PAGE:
Conor Murray on ‘dangerous’ Glasgow approach - 'I’m properly pissed off about that'

Conor Murray has hit out at Glasgow’s “unsafe” and “very dangerous” targeting of his standing leg as he kicked from the base of rucks during Munster’s Champions Cup victory at Scotstoun last Saturday.
Conor Murray on ‘dangerous’ Glasgow approach - 'I’m properly pissed off about that'

Murray has also been at the centre of a controversy concerning Munster’s treatment of his suspected head injury during the same game, following a clash of heads with the Warriors’ Tim Swinson. The 27-year-old has been cleared to play this Saturday’s Pool 1 finale against Racing 92 at Thomond Park, having proved symptom-free of concussion, following what he believes was medical care “above and beyond” World Rugby’s Head Injury Assessment guidelines, though Champions Cup organisers EPCR have convened an Untoward Incident Review Group to investigate the province’s procedures in dealing with the issue.

Yet, the scrum-half believes he escaped a serious knee injury in the wake of what he perceived as Glasgow’s targeting of him as he attempted to execute box kicks from the back of rucks.

Murray was incensed by a late hit on his standing leg in the 18th minute of the game — won 14-12 by Munster — by No8 Josh Strauss, demanding action be taken by a touch judge immediately after the hit. Munster assistant coach Jerry Flannery revealed during an in-game interview with Sky Sports that the officials, led by referee Luke Pearce, had been asked to keep an eye on the Warriors tactics regarding the scrum-half.

Four days on, Murray presented himself for scheduled media interviews and was calm and measured, but still angry.

“I’m properly pissed off about that,” Murray said. “I don’t see any benefit in charging down someone’s standing leg, I only see it as a danger or as a potential to get injured.

“I don’t think it’s a good tactic. You could put another label on that type of tactic, but they did it to us at Thomond Park [in the European tie on October 22]. They got our scrum-half Te [Aihe Toma] with it in the league game [at Scotstoun on December 2] and they almost got me a couple of times.

“So, luckily, my leg came out of the ground and I managed to fall over, but if my leg stayed in the ground — especially in that (4G) surface — you’re looking at syndesmosis [joint damage], you’re looking at cruciate [ligament damage].

“I’m not blaming the players. I don’t know who told them to do it, but it’s dangerous. It’s very dangerous and, thankfully, I didn’t get injured, but if I had have been injured, I would have been going on more of a rant.”

? Murray’s remarks come two months after Keith Earls became engaged in a war of words with Glasgow hooker Fraser Brown following the Munster wing’s sending-off at Thomond Park for a tip tackle and they are sure to ramp tensions at Test level, with the scrum-half set to face Strauss and several Glasgow Warriors players in the Scotland team on February 4 at Murrayfield in Ireland’s opening Six Nations fixture.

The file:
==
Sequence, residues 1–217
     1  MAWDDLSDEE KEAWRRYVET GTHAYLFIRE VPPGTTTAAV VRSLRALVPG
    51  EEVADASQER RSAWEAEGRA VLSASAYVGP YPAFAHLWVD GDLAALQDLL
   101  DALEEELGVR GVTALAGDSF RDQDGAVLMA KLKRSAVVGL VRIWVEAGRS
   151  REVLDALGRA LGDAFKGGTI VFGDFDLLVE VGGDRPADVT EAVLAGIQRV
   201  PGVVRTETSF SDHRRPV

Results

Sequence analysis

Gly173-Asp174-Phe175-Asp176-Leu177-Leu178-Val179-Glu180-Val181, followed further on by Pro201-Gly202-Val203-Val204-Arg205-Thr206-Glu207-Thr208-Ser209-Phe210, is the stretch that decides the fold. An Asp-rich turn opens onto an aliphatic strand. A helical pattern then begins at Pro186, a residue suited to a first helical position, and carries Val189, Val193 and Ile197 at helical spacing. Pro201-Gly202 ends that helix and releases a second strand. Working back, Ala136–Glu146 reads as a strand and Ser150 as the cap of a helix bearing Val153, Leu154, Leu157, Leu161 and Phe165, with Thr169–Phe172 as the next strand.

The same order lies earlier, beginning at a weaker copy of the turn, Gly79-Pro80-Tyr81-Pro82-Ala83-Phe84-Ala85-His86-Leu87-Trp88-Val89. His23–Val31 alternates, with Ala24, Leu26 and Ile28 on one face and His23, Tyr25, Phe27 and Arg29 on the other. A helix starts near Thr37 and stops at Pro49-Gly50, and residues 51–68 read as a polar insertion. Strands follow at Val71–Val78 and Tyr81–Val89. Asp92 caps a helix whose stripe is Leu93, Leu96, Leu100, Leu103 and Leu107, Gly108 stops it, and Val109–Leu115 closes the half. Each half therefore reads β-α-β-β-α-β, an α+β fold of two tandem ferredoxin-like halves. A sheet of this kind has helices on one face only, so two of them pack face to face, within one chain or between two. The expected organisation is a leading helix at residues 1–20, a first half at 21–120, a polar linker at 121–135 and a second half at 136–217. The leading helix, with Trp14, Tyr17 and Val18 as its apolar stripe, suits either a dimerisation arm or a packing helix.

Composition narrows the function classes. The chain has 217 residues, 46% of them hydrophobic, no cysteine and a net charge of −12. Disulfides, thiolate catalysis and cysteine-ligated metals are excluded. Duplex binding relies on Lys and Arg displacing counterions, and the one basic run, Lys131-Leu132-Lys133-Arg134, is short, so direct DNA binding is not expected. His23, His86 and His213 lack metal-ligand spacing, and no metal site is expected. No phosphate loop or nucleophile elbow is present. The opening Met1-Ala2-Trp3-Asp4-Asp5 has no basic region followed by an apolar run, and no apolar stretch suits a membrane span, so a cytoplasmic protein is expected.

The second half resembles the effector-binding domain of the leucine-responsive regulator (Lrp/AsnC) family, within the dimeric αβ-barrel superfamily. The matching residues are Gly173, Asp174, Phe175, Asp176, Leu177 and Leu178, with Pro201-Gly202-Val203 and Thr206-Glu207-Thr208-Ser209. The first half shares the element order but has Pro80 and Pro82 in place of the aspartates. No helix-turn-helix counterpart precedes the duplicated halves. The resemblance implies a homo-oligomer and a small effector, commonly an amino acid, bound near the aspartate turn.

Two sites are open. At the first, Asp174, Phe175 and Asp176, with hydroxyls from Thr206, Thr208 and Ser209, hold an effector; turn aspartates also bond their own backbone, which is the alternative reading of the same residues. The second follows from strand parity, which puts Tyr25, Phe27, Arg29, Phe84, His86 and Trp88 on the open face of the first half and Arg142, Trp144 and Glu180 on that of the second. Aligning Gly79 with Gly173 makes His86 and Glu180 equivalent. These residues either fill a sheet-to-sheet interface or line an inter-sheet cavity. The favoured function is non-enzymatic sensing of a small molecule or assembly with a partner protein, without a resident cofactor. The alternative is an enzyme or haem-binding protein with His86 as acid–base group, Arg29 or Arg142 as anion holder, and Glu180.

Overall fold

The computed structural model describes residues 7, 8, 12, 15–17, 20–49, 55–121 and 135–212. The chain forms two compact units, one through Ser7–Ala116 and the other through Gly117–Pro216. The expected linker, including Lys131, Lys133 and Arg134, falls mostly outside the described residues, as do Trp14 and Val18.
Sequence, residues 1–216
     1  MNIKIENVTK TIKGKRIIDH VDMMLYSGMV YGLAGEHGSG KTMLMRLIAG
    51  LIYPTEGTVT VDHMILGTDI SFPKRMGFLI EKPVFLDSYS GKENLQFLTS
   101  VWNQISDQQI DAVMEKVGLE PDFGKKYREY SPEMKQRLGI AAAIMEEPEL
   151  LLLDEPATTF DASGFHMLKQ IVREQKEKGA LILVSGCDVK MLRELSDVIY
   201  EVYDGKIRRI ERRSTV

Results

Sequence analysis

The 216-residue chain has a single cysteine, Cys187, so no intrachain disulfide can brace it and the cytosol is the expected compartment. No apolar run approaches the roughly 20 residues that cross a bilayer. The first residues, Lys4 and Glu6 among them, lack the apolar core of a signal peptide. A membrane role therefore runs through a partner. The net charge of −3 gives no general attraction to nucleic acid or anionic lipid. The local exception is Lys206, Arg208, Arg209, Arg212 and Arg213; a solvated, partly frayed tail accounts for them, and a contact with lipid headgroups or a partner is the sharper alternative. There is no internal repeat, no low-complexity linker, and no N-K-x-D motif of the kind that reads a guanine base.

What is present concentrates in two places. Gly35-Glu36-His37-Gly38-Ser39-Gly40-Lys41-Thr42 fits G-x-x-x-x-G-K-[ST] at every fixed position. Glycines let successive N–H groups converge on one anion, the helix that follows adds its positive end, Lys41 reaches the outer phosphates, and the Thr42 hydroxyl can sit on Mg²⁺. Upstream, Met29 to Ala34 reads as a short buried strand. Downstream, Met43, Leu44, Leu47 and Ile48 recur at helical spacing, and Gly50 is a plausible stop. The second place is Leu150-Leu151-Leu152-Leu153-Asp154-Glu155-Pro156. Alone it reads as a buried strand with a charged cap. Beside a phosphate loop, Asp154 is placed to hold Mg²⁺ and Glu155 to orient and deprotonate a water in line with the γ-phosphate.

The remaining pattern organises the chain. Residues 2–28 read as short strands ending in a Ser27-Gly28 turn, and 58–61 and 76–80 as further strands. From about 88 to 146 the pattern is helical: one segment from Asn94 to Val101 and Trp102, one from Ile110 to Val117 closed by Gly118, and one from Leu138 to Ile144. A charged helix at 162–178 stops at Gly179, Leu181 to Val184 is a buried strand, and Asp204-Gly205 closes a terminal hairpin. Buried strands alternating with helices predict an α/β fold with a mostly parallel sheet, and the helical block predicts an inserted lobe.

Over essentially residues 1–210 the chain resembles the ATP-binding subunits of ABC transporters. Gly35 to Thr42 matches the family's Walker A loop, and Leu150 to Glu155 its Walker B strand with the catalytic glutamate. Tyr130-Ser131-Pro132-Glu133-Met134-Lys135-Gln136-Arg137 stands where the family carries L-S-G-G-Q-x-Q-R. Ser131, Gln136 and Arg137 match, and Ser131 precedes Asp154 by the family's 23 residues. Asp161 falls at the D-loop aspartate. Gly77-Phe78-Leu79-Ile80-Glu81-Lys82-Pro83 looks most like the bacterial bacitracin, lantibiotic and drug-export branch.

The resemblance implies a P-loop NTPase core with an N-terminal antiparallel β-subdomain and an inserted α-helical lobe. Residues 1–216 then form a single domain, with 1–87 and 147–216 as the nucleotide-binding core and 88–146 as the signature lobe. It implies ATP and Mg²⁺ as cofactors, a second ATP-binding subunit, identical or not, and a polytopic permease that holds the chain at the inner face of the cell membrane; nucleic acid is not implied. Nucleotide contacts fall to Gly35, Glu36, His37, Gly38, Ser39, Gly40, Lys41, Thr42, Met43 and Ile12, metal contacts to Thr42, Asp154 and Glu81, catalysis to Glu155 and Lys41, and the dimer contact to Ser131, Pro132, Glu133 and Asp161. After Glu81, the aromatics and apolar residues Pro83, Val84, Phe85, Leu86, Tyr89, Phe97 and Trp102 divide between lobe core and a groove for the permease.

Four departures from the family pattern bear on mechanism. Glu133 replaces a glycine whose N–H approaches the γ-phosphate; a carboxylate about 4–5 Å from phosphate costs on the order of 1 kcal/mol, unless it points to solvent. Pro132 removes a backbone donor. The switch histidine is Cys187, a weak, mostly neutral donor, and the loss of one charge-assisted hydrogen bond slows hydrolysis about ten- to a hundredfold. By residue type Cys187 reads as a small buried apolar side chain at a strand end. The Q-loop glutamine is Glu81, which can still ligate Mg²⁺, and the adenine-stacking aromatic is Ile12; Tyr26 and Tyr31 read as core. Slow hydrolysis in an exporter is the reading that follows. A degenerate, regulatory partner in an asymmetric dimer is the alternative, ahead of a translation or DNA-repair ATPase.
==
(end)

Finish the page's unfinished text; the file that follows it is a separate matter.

Yet, Murray made it clear that while he accepted opposition teams would target players, not least when he faced New Zealand twice last November, Glasgow had crossed a line as the only team to target his standing leg.

“I’ve no problem with people going after you; you know, ‘I’m trying to rattle you’ and all that, but when the only... I just can’t see a way of that being legal or any way that could lead to a charge down or a tackle. The ball is long gone from my hands and I just think it’s really dangerous and it will end up with someone getting properly injured by it.”

Murray feels more could be done to prevent the tactic by addressing it before matches.

“We chatted about it and they were aware of it,” he said of the match officials. “My issue would be, it was after the first one and they were made aware of it before that.

“There’s so much going on in the game that something like that needs to be just looked at outside the game, before the game has even started, in the lead up to the game, and make sure things like that are outlawed in the game, because they have enough on their plate, as well, but it is in the best interest of the players for something like that to be looked at.”

As for his clash of heads with Swinson, Murray said he made a “mistimed tackle” on the Glasgow lock, but did not lose consciousness after the contact, but stayed down because he had been “rattled” and hurt his neck. He has since passed all four Head Injury Assessments required under World Rugby guidelines, as well as having consulted Cork University Hospital neurologist Dr Brian Sweeney on Monday evening.

“We followed every protocol above and beyond,” he said. “I was in Cork last night with a neurologist, Brian Sweeney, just to make sure that he didn’t suspect any concussion. We’ve gone through all of that. It was, literally, a bang. A badly timed, bad technique in the tackle.

“It was a big hit, I’m not trying to get away from that, and I got a bit of a rattle from it, but I didn’t lose consciousness, I followed everything, all my HIAs, talking to the physios, the doctors and the neurologist; all is well. I trained today fully, I feel fine.

“Everyone kept a close eye on me in case I felt tired, in case I slowed down, all of those signs that we’re trying to follow, and I felt perfect. I’m fit to play at the weekend.”

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